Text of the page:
One of the oldest remaining firearms manufacturers, Remington Arms Co. has filed for Chapter 11 of the US Bankruptcy Code. Sources claim that the company’s Navajo Nation factory is in the talks for sale. Chapter 11 is enshrined in Article 11 of the United States’ Bankruptcy Code and allows reorganization depending on the law.
Officials from Navajo Nation said they were working on approving the sales at a rapid pace. The following claims explain that officials from Navajo Nation have pulled out from the talks. According to the New York Times, Navajo Nation previously offered to take over the Remington company when they announced to stop manufacturing semi-automatic firearms.
Company previously tried to file for bankruptcy
Previously, Remington tried to file for bankruptcy in May 2018 following a major decrease in firearms sales followed by being unable to pay their debts. Sources warned about the timing of the bankruptcy as being untimely and the biggest Native American territory in the US, Navajo Nation could be planning for a takeover ever since.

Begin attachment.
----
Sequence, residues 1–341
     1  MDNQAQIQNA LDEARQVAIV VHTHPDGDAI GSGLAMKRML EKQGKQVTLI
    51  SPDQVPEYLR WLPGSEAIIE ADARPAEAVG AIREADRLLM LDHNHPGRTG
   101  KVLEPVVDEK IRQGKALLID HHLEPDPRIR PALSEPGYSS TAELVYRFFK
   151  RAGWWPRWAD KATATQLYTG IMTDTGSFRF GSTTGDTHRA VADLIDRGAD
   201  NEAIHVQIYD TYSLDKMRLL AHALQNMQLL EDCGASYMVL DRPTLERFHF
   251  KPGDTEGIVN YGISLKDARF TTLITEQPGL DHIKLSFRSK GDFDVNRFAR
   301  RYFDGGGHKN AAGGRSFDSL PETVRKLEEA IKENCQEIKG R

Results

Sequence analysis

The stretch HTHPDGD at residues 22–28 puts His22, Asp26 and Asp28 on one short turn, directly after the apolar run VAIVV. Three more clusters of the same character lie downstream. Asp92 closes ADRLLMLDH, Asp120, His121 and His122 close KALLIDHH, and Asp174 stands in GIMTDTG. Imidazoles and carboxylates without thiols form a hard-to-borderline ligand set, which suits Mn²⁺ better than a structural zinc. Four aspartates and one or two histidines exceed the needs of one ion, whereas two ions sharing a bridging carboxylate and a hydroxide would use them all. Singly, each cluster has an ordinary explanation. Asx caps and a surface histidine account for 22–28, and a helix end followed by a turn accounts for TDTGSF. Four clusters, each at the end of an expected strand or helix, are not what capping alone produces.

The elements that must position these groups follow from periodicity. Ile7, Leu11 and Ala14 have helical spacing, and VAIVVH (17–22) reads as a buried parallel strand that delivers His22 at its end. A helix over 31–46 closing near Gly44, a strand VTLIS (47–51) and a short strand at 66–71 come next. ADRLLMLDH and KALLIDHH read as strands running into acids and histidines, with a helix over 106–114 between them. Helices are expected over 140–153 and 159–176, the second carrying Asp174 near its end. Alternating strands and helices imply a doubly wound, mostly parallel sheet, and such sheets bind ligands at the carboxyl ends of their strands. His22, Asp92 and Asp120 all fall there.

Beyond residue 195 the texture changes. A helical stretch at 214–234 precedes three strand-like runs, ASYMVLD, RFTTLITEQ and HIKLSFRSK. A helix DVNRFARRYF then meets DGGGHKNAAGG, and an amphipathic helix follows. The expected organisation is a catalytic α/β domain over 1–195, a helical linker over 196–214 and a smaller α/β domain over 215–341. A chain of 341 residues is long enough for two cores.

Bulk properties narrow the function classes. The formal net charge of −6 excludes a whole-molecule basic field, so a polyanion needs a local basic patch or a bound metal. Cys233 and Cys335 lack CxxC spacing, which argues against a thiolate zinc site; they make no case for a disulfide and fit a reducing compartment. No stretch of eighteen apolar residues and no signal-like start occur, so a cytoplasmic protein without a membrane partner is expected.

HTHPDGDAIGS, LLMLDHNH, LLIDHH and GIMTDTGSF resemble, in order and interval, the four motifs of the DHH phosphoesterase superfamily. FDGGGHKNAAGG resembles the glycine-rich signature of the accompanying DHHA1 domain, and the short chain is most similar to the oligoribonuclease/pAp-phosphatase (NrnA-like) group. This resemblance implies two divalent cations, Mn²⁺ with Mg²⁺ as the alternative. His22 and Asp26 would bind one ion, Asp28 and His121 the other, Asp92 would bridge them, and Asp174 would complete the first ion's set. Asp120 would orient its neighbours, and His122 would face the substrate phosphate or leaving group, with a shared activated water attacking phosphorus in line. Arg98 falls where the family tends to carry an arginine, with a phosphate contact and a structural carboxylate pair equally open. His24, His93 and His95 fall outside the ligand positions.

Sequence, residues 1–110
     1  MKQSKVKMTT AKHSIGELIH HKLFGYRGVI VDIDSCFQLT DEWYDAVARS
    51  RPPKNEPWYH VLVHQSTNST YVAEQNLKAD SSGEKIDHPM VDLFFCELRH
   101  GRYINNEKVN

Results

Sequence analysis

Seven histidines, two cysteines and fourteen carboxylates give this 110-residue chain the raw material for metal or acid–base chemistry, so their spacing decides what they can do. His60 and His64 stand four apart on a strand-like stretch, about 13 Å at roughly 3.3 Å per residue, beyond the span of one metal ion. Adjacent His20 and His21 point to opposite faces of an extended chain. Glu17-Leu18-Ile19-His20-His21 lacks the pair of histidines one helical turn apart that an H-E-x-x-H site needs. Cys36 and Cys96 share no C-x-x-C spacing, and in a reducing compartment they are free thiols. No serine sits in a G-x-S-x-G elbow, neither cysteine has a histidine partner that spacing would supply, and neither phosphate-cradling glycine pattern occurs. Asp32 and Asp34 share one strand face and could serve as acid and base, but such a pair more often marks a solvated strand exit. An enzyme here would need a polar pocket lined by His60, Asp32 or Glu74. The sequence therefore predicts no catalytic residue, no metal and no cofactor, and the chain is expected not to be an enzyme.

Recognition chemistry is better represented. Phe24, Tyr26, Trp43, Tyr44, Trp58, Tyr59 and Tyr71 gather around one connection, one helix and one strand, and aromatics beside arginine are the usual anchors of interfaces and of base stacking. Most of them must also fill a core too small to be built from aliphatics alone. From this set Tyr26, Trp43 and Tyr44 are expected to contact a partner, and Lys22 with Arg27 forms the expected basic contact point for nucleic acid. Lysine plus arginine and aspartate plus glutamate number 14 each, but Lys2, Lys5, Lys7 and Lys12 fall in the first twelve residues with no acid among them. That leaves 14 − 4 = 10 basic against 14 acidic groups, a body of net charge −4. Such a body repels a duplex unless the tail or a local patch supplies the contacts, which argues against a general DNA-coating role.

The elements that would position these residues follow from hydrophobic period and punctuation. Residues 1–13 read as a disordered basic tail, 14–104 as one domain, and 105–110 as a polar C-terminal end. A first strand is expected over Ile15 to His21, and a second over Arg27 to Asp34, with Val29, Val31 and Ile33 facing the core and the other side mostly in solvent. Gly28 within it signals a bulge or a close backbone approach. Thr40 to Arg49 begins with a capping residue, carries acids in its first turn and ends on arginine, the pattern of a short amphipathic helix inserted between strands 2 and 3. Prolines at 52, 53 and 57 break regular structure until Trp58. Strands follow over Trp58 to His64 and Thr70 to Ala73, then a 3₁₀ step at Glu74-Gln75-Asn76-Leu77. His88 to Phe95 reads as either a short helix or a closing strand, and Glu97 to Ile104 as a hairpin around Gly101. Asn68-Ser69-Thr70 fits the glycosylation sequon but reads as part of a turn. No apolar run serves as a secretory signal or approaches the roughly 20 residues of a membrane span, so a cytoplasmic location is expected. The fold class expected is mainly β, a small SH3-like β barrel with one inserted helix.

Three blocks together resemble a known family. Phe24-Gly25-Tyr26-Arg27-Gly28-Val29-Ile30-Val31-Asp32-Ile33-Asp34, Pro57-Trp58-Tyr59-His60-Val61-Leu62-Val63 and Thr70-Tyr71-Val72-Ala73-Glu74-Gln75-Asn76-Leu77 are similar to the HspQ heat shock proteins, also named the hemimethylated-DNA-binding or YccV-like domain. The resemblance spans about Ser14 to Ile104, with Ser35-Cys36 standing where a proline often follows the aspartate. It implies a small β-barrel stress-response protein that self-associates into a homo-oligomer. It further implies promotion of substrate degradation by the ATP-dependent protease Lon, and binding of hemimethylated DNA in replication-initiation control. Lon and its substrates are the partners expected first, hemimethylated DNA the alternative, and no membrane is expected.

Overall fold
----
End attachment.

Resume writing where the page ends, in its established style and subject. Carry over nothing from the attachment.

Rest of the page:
Rise and Fall of Remington
In an article by the New York Times, it was stated that Navajo Nation previously offered to take over Remington back in 2018. News then also reported that the assault rifle production had ceased and the company would transfer the company to focus on producing hunting rifles and pistols and similar small arms for Armed Forces. The following procedures were also reported to be in the direction of forming a joint investment group.
Remington, with over 200 years of history in the industry, has risen and fallen many times during its existence. Many companies came and went in American domestic firearms industrial history and Remington was no exception. Remington Arms Company was founded in 1816 in Ilion, New York by Eliphalet Remington. The company, throughout its history, had many ups and downs but this time, the financial troubles of the company seem to be on an unprecedented scale.